And I think unfortunately, that’s not a position that a lot of people are able to be in with their existing job. I think, in general, people’s employees will demand full time or nothing. I was lucky to be able to do that. But yeah, like I say, I was just testing the waters to begin with, telling friends and family what I was doing and just very gradually and organically letting the words spread as it were, I mean, for the same reasons I didn’t want to take out huge bank loan to get started. I haven’t spent much at all on advertising, budget and things. I haven’t advertised in any national magazines or newspapers or anything like that. So yeah, it had just been, like I say, very organic.
Jeff: Yeah. Well you actually probably got millions of advertising for free. (laughs) And you got those millions of dollars of advertising for free because you didn’t just write a regular old resignation letter like everybody else does. You wrote it on a cake. Tell us about how did that idea come to you, and why did you decide to do it in such a cool, creative, and fun way?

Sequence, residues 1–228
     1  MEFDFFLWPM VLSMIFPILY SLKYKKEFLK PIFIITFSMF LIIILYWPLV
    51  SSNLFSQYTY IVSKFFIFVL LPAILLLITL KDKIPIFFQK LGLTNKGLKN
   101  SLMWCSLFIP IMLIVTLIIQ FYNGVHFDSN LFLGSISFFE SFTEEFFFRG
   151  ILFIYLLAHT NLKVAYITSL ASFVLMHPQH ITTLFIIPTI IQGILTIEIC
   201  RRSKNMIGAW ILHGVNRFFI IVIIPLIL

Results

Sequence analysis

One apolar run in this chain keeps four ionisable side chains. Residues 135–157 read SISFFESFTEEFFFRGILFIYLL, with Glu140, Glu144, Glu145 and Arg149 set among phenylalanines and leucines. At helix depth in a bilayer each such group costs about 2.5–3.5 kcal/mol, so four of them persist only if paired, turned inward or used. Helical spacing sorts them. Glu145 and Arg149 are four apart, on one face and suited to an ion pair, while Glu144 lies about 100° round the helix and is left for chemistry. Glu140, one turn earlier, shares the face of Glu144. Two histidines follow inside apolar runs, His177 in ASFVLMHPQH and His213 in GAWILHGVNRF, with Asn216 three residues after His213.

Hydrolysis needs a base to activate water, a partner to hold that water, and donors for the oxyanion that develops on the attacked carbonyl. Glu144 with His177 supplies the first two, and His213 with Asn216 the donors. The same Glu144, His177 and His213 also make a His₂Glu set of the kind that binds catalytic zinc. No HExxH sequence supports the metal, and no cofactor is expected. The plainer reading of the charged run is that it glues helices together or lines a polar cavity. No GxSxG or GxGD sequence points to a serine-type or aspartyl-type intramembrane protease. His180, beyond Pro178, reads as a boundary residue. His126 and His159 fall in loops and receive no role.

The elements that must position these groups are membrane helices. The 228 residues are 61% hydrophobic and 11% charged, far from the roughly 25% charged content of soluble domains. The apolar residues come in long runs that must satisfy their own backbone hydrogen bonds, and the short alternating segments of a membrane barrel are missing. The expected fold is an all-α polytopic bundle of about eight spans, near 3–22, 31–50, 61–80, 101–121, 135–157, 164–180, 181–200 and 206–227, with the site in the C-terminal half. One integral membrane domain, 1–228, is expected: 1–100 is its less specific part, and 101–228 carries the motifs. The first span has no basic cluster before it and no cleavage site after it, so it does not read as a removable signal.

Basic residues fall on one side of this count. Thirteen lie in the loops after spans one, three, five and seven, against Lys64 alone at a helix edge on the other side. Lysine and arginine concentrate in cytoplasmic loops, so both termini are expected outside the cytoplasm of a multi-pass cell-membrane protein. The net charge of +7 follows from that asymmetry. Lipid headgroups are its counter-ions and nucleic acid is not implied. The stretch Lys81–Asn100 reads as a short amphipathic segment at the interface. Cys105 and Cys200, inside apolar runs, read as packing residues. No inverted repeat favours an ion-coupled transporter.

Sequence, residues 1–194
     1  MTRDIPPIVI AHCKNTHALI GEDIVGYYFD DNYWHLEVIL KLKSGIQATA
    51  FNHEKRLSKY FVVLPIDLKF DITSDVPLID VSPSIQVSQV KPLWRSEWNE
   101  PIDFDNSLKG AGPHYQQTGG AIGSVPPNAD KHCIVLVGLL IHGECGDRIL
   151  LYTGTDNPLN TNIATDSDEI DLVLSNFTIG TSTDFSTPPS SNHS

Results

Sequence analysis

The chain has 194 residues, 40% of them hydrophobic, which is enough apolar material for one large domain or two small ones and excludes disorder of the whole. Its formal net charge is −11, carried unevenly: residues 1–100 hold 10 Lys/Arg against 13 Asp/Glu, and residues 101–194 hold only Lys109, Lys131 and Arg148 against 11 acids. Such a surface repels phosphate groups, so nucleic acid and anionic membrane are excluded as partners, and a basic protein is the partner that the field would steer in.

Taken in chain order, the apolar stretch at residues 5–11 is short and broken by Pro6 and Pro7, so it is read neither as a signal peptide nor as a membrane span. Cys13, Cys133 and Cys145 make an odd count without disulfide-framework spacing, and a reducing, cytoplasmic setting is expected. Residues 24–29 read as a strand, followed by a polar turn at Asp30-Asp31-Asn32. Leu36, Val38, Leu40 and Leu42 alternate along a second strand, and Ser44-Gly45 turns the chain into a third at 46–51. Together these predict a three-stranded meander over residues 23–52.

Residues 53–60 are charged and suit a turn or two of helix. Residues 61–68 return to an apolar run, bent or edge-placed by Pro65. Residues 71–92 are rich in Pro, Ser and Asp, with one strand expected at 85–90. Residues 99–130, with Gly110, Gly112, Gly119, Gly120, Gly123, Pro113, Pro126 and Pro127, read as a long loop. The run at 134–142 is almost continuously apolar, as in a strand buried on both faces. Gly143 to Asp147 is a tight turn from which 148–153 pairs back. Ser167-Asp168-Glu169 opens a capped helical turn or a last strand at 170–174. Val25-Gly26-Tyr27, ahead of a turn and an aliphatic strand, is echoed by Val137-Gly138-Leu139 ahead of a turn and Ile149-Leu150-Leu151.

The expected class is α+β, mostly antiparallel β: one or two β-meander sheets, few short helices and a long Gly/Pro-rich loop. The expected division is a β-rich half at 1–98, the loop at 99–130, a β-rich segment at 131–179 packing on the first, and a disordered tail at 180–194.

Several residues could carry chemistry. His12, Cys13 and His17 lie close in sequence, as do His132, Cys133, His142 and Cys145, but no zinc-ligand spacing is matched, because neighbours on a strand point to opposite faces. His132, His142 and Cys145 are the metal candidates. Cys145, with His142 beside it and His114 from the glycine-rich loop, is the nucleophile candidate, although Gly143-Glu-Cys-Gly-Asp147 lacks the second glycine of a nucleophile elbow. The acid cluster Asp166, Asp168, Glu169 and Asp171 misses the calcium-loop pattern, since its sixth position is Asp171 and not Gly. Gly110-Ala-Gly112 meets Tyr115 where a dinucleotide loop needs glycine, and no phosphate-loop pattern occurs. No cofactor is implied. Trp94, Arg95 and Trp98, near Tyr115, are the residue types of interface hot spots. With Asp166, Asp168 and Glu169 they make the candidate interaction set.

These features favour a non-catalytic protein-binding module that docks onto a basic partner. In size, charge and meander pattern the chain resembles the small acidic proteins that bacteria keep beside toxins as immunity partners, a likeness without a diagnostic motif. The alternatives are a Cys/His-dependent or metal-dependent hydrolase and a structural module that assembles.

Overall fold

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Chris: Well, there’s really not much behind it. I’ve always had a… I suppose a slightly twisted sense of humor in a way in terms of just like doing silly stuff for the sake of it. I think that came to me in a dream. One time, I just thought that would be a fun thing to do and these things just pop into your head sometimes. Yeah, I mean, I just… obviously it seemed appropriate in a way. I thought it’s appropriate from a law employment point of view or whether it’s the right thing to do technically. But I was leaving to set up a cake business, I thought all they ask for is written notice so I’ll take a broad interpretation of that and just have a bit of fun. That was really all there was to it.